Sept. 23, 2009
SPARTANBURG, S.C. -
Not many individuals can say they were a student-athlete, an assistant coach and a head coach at the same institution, but head tennis coach Alessandro De Marzo can claim that feat.
The Lima, Peru native spent three seasons as a member of the USC Upstate men's tennis team. After his playing career ended, De Marzo served as an assistant coach from 2003 to 2005. During that stretch, the men's team advanced to the NCAA tournament and in the 2004-05 season, the team finished ranked seventh nationally.
De Marzo took over head coaching duties beginning in the fall of 2005. Since that time, he has had the men's team advance to the NCAA tournament on several occasions, while the women's team won the A-Sun championship in its first year of D-I play.
De Marzo, who will begin competition on Friday at the USTA National Open Division Championship in Las Vegas, recently sat down with Alex Edwards of upstatespartans.com to talk about the his time at Upstate as well as the upcoming tennis season
What does a typical day look like for you?
My day will usually begin with an early morning practice for the men's and women's team. After we complete the practice, I will give lessons at the Westside Club before returning to campus for an early afternoon practice with the teams. Around 3:30 or so, I will return to the club for more lessons.
You were a member of the men's tennis team at Upstate, what was your most memorable moment as a student-athlete?
I would have to say the most memorable moment for me was my junior year when we beat USC Aiken. We defeated them 5-2 in an important conference match and it was the first time that our men's team advanced to the NCAA Tournament.
You spent two years as an assistant coach before taking over as head coach, in your opinion what is the biggest difference between being an assistant coach and a head coach?
I would have to say there is more responsibility placed on the head coach which can make it more stressful. Being an assistant coach, at least for me, it seemed that I was the mediator between the head coach and the players on the team. As an assistant, the players felt more comfortable talking to me and then I would share those comments and concerns with the head coach.
What do you see as the biggest difference between living in your home country of Peru and the United States?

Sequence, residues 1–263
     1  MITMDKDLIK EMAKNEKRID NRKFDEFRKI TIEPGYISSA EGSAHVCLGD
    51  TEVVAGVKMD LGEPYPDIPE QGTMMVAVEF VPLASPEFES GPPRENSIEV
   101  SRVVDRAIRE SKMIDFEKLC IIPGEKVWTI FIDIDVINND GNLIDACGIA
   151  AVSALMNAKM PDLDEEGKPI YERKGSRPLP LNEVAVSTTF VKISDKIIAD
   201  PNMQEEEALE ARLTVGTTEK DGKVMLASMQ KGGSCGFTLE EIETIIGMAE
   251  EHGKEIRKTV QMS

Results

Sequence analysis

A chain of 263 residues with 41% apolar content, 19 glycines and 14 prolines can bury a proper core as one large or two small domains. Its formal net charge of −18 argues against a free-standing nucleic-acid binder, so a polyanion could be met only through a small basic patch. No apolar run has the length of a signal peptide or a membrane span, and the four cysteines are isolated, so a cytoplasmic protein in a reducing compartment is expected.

Well first thing, here in the U.S., I work a lot more. In the U.S., you have to provide for yourself and there isn't always someone you can depend on, whereas in Peru, we had three maids and that made life easier. I am happy here in the U.S., don't get me wrong, but you just have to depend on yourself here more than you do back home in Peru.
On Friday, you begin play in the USTA National Open Division Team Championships in Las Vegas. What about the event excites you the most?
I am very excited about that opportunity as it is the only time I am able to take a break from coaching and can actually play tennis. Last year, the team and I competed very strongly and came up just short as we made a few minor mistakes that ultimately cost us. This year we have a strong team and I feel we can compete, so we will play our best and see what happens.
What are your expectations for the tennis teams this upcoming season?
On the men's side, last year we finished second in the conference behind ETSU. This year, we are very strong and I feel that we can compete for a conference championship as well as be ranked in the top 15 nationally. With the women's team, we lost several quality players from last year's team so we will have to rebuild. But I am hoping that this season we can finish in the top three in the A-Sun.
What motivation techniques do you use to get your players ready for matches?
It is very important to build a strong relationship with the players on your team. If you have a strong relationship with your team, I feel that that will enable you to get the most out of them. I feel that they will want to give their all for you as well as the team each and every match. If you lack that relationship with players and they are behind in a match then they may just give up and not give it their best. So what I try to do is build a strong bond with each player and try to help them out as much as I can. I was in there shoes as I came to Upstate from a foreign country and I think that because we share that they respect me and the program here.
Which tournament are you and your team looking forward to the most this season?
I would have to say the All-American Championships in Tulsa, Okla. We have been trying to get in to the tournament the last few years, but we haven't been invited to the tournament. I am guessing we are in because we had a strong year last season and we finished the season ranked. It is supposed to be the best tournament in D-I and we are in the qualifying round of the tournament and I am looking forward to that event.
What do you look for in the players that you recruit to play tennis at Upstate?
For me, the most important thing is that they have intensity. You can help correct players techniques and mistakes that they make, but if a player doesn't have the desire to do well then they will not succeed. Either, you want it or you don't, it's pretty simple.
What do you see as being the most rewarding aspect of coaching?
Being a winning program, to me, is the most rewarding aspect of my job. Also bonding with the team as well as getting the most out of them each and every match is also rewarding. Not only do I want to win, but I want each of them to improve during their time here.